A drought of common sense

High temperatures and drought in many parts of the Midwest are harming America's corn crop, experts say.

And that presents Congress with additional justification to end its costly promotion of ethanol. It is true that the direct 46-cent-per-gallon subsidy for production of corn-based ethanol finally ended this year. But it is equally true that by federal law, 15 billion gallons of corn-based ethanol still will be getting blended into the nation's fuel supply by 2015.

The cost of that is high to us all as consumers.

That's because the propping up of an ethanol market that would otherwise collapse under the weight of its own pointlessness and unpopularity has led to the diversion of massive amounts of corn out of the U.S. food supply and into fuel production. And that means we pay more for groceries ranging from corn-fed beef and cereal to corn chips and sweeteners.

Now, thanks to an unfortunate assist from bad weather, those grocery prices may be going even higher. With corn supplies already strained by the rerouting of much of the crop to ethanol manufacturing, a drought-spawned poor harvest might very well lead to some eye-popping bills in the checkout line.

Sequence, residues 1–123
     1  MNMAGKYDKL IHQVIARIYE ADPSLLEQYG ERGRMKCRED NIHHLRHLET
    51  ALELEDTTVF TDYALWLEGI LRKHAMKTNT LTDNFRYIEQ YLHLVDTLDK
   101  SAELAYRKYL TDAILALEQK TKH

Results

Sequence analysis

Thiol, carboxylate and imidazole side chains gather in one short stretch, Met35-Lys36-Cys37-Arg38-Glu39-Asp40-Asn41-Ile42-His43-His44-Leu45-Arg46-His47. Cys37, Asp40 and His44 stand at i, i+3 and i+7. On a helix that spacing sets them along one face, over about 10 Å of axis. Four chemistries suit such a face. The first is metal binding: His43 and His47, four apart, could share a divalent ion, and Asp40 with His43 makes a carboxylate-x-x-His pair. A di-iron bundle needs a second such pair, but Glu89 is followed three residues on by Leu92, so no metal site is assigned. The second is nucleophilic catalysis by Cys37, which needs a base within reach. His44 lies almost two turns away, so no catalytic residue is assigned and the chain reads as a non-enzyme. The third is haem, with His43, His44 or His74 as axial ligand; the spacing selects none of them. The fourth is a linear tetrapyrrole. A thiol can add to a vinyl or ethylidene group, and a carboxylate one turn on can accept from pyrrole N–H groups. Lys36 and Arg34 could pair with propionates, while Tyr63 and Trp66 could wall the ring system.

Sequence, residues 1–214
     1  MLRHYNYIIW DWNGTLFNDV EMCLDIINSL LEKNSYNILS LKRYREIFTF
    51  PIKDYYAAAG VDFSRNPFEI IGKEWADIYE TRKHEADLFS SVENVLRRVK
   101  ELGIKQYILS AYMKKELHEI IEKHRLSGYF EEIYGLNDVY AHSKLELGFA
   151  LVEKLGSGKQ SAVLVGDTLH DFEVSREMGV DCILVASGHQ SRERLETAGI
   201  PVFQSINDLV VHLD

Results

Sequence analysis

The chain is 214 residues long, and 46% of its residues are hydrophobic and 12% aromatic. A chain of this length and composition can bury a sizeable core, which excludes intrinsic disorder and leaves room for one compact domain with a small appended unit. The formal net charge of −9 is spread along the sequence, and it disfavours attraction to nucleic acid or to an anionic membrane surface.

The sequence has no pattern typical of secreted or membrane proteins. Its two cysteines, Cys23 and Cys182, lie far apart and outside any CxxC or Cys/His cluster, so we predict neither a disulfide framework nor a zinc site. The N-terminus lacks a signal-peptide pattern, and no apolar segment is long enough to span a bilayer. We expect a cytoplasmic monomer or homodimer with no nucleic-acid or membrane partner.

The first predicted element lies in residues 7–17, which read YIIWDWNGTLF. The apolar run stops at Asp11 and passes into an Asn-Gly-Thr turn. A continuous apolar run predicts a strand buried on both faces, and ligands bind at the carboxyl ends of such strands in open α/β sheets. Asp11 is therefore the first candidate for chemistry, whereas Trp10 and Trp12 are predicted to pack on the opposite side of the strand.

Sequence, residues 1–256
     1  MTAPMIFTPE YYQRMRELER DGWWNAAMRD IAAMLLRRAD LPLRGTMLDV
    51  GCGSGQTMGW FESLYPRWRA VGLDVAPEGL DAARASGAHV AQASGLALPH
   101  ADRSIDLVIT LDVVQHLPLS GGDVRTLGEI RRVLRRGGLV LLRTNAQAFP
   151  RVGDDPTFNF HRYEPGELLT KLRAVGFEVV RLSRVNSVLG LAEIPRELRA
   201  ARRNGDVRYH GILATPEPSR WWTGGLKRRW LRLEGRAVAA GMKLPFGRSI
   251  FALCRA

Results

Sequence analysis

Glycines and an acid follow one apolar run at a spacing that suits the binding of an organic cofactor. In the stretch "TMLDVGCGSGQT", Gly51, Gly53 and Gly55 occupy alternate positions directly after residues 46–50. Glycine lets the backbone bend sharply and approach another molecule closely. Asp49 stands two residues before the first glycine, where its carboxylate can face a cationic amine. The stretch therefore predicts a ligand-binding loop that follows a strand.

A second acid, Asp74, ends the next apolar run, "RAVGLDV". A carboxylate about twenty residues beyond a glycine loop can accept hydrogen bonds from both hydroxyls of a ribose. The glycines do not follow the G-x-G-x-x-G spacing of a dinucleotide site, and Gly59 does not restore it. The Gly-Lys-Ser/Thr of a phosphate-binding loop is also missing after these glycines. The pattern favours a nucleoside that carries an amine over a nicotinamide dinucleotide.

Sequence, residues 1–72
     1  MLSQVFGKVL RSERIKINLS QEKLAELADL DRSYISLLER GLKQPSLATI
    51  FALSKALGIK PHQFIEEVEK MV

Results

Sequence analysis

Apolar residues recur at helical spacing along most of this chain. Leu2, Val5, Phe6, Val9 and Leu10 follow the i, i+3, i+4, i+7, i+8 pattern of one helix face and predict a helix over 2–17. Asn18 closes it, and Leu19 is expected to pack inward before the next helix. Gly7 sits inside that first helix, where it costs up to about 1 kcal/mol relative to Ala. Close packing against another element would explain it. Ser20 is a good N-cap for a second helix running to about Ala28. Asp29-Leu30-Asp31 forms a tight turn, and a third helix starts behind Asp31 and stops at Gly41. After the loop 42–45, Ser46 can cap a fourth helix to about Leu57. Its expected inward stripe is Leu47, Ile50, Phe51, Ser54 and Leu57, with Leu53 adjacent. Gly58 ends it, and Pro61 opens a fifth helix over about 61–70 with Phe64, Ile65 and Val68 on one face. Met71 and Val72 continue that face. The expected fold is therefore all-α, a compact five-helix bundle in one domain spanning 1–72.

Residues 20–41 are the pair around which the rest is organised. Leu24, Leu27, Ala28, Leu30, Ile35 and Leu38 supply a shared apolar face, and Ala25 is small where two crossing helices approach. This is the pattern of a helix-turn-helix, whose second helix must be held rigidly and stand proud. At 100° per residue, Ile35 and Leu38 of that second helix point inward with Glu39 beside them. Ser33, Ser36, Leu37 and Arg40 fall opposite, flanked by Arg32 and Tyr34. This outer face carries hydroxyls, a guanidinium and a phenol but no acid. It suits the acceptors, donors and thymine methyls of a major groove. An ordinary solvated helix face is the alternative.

And for what -- other than to placate farm state lawmakers who use federal backing for ethanol to buy votes?

Expanding ethanol production certainly isn't a boon to the environment, no matter what its fans on Capitol Hill claim. Corn requires lots of land to grow, not to mention lots of pesticides and fertilizer. It also takes a great deal of diesel fuel to run the farm equipment necessary to grow and harvest all of that corn.

Moreover, ethanol harms small engines and can reduce gas mileage.

It is high time that Congress get out of the business of subsidizing energy production -- of any type, but most especially of expensive, counterproductive ethanol.